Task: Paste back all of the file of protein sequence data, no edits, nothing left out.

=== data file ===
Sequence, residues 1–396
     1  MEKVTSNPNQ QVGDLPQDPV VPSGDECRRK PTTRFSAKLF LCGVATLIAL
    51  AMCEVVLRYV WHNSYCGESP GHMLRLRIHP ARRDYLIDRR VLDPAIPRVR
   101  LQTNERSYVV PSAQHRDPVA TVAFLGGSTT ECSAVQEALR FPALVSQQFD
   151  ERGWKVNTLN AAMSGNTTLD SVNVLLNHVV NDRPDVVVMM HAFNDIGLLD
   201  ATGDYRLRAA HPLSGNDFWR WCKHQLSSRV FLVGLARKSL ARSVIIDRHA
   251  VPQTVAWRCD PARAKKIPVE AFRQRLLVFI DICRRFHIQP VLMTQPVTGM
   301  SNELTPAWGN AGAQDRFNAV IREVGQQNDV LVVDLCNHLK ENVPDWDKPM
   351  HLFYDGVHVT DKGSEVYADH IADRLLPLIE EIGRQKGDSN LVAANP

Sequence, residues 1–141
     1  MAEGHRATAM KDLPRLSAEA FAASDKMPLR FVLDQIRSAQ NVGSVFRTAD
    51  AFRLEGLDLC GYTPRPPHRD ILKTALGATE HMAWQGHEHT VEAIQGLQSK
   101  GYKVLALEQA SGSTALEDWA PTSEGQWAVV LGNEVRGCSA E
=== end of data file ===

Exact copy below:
Sequence, residues 1–396
     1  MEKVTSNPNQ QVGDLPQDPV VPSGDECRRK PTTRFSAKLF LCGVATLIAL
    51  AMCEVVLRYV WHNSYCGESP GHMLRLRIHP ARRDYLIDRR VLDPAIPRVR
   101  LQTNERSYVV PSAQHRDPVA TVAFLGGSTT ECSAVQEALR FPALVSQQFD
   151  ERGWKVNTLN AAMSGNTTLD SVNVLLNHVV NDRPDVVVMM HAFNDIGLLD
   201  ATGDYRLRAA HPLSGNDFWR WCKHQLSSRV FLVGLARKSL ARSVIIDRHA
   251  VPQTVAWRCD PARAKKIPVE AFRQRLLVFI DICRRFHIQP VLMTQPVTGM
   301  SNELTPAWGN AGAQDRFNAV IREVGQQNDV LVVDLCNHLK ENVPDWDKPM
   351  HLFYDGVHVT DKGSEVYADH IADRLLPLIE EIGRQKGDSN LVAANP

Sequence, residues 1–141
     1  MAEGHRATAM KDLPRLSAEA FAASDKMPLR FVLDQIRSAQ NVGSVFRTAD
    51  AFRLEGLDLC GYTPRPPHRD ILKTALGATE HMAWQGHEHT VEAIQGLQSK
   101  GYKVLALEQA SGSTALEDWA PTSEGQWAVV LGNEVRGCSA E